Sustainable 'plastics' are on the horizon

A new Tel Aviv University study describes a process to make bioplastic polymers that don't require land or fresh water—resources that are scarce in much of the world. The polymer is derived from microorganisms that feed ...

Team invents method to shrink objects to the nanoscale

MIT researchers have invented a way to fabricate nanoscale 3-D objects of nearly any shape. They can also pattern the objects with a variety of useful materials, including metals, quantum dots, and DNA.

New polymer films conduct heat instead of trapping it

Polymers are usually the go-to material for thermal insulation. Think of a silicone oven mitt, or a Styrofoam coffee cup, both manufactured from polymer materials that are excellent at trapping heat.

Polymer coating cools down buildings

With temperatures rising and heat-waves disrupting lives around the world, cooling solutions are becoming ever more essential. This is a critical issue especially in developing countries, where summer heat can be extreme ...

Researchers discover a new phase in block copolymers

All matter consists of one or more phases—regions of space with uniform structure and physical properties. The common phases of H2O (solid, liquid and gas), also known as ice, water and steam, are well known. Similarly, ...

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A polymer (from Greek πολύ-ς /po΄li-s/ much, many and μέρος /΄meros/ part) is a large molecule (macromolecule) composed of repeating structural units typically connected by covalent chemical bonds. While polymer in popular usage suggests plastic, the term actually refers to a large class of natural and synthetic materials with a variety of properties.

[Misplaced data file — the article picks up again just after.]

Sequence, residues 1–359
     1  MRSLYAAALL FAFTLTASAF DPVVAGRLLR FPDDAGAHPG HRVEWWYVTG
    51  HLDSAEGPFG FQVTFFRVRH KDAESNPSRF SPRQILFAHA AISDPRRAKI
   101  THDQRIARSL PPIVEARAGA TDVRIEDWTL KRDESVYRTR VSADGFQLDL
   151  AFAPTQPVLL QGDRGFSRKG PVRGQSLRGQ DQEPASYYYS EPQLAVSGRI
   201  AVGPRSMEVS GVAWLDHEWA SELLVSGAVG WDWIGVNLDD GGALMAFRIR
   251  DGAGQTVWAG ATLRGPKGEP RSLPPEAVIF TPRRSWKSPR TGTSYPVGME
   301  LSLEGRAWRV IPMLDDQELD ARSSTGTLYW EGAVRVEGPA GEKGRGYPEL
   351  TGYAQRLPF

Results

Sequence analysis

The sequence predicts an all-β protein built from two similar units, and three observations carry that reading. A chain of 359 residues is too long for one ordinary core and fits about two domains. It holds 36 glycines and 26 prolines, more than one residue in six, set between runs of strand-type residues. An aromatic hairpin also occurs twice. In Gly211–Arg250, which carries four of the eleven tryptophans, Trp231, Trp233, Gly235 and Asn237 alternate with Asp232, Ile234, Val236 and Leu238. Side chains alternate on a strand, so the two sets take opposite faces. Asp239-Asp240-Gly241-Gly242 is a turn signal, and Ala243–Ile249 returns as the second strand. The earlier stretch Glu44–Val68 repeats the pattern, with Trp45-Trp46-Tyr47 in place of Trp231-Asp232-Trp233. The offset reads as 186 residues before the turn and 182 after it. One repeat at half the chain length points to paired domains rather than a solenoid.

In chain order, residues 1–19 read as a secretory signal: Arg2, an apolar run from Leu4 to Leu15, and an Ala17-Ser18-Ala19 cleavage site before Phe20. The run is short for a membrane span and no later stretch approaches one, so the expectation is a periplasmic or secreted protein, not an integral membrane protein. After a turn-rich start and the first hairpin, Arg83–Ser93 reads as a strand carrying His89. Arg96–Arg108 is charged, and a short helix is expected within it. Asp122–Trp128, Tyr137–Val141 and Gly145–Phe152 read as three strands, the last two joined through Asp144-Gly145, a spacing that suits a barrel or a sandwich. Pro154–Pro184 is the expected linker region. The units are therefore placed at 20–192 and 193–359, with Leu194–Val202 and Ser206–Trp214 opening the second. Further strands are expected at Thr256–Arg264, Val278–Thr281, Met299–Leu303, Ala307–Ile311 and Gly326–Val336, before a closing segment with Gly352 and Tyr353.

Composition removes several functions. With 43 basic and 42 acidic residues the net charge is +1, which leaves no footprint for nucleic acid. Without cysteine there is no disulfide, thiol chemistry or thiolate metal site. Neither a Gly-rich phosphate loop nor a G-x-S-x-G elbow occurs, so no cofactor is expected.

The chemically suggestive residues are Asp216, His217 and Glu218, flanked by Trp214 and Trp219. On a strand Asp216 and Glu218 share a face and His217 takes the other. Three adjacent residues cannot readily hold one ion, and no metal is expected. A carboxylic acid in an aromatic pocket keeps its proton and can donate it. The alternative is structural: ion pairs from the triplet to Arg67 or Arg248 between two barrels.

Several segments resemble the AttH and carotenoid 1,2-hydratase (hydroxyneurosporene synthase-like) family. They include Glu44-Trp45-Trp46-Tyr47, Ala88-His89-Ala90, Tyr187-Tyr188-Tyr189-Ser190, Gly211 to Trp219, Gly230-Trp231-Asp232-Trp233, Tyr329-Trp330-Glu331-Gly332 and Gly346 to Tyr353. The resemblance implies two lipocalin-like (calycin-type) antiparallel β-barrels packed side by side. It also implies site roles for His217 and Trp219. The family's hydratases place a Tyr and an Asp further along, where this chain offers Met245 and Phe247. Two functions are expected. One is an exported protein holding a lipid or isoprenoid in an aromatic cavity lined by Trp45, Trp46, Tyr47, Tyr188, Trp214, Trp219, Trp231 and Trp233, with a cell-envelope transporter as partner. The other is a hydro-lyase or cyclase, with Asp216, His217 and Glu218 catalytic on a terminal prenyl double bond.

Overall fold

Due to the extraordinary range of properties accessible in polymeric materials , they have come to play an essential and ubiquitous role in everyday life - from plastics and elastomers on the one hand to natural biopolymers such as DNA and proteins that are essential for life on the other. A simple example is polyethylene, whose repeating unit is based on ethylene (IUPAC name ethene) monomer. Most commonly, as in this example, the continuously linked backbone of a polymer consists mainly of carbon atoms. However, other structures do exist; for example, elements such as silicon form familiar materials such as silicones, examples being silly putty and waterproof plumbing sealant. The backbone of DNA is in fact based on a phosphodiester bond, and repeating units of polysaccharides (e.g. cellulose) are joined together by glycosidic bonds via oxygen atoms.

Natural polymeric materials such as shellac, amber, and natural rubber have been in use for centuries. Biopolymers such as proteins and nucleic acids play crucial roles in biological processes. A variety of other natural polymers exist, such as cellulose, which is the main constituent of wood and paper.

The list of synthetic polymers includes synthetic rubber, Bakelite, neoprene, nylon, PVC, polystyrene, polyacrylonitrile, PVB, silicone, and many more.

Polymers are studied in the fields of polymer chemistry, polymer physics, and polymer science.

This text uses material from Wikipedia, licensed under CC BY-SA